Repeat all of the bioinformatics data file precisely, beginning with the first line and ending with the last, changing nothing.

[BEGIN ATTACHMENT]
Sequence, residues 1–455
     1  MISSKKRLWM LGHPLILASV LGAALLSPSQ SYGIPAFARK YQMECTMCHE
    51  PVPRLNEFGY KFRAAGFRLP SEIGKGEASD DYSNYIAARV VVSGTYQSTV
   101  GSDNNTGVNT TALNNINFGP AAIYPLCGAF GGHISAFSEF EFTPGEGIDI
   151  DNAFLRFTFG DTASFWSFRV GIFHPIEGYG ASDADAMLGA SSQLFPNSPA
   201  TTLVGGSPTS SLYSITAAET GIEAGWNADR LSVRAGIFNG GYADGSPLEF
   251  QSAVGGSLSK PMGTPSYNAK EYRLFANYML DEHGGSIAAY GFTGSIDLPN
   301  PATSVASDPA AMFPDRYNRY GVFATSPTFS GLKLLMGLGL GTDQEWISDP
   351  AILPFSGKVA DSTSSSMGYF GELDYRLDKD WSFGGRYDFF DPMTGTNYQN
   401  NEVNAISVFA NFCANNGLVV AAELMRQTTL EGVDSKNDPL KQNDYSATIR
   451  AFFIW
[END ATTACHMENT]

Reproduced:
Sequence, residues 1–455
     1  MISSKKRLWM LGHPLILASV LGAALLSPSQ SYGIPAFARK YQMECTMCHE
    51  PVPRLNEFGY KFRAAGFRLP SEIGKGEASD DYSNYIAARV VVSGTYQSTV
   101  GSDNNTGVNT TALNNINFGP AAIYPLCGAF GGHISAFSEF EFTPGEGIDI
   151  DNAFLRFTFG DTASFWSFRV GIFHPIEGYG ASDADAMLGA SSQLFPNSPA
   201  TTLVGGSPTS SLYSITAAET GIEAGWNADR LSVRAGIFNG GYADGSPLEF
   251  QSAVGGSLSK PMGTPSYNAK EYRLFANYML DEHGGSIAAY GFTGSIDLPN
   301  PATSVASDPA AMFPDRYNRY GVFATSPTFS GLKLLMGLGL GTDQEWISDP
   351  AILPFSGKVA DSTSSSMGYF GELDYRLDKD WSFGGRYDFF DPMTGTNYQN
   401  NEVNAISVFA NFCANNGLVV AAELMRQTTL EGVDSKNDPL KQNDYSATIR
   451  AFFIW